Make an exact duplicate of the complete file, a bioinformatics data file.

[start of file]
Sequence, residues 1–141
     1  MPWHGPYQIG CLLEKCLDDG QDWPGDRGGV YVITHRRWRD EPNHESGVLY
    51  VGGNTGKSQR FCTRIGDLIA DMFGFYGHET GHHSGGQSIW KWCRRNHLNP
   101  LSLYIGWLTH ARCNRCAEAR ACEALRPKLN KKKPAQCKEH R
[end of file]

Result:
Sequence, residues 1–141
     1  MPWHGPYQIG CLLEKCLDDG QDWPGDRGGV YVITHRRWRD EPNHESGVLY
    51  VGGNTGKSQR FCTRIGDLIA DMFGFYGHET GHHSGGQSIW KWCRRNHLNP
   101  LSLYIGWLTH ARCNRCAEAR ACEALRPKLN KKKPAQCKEH R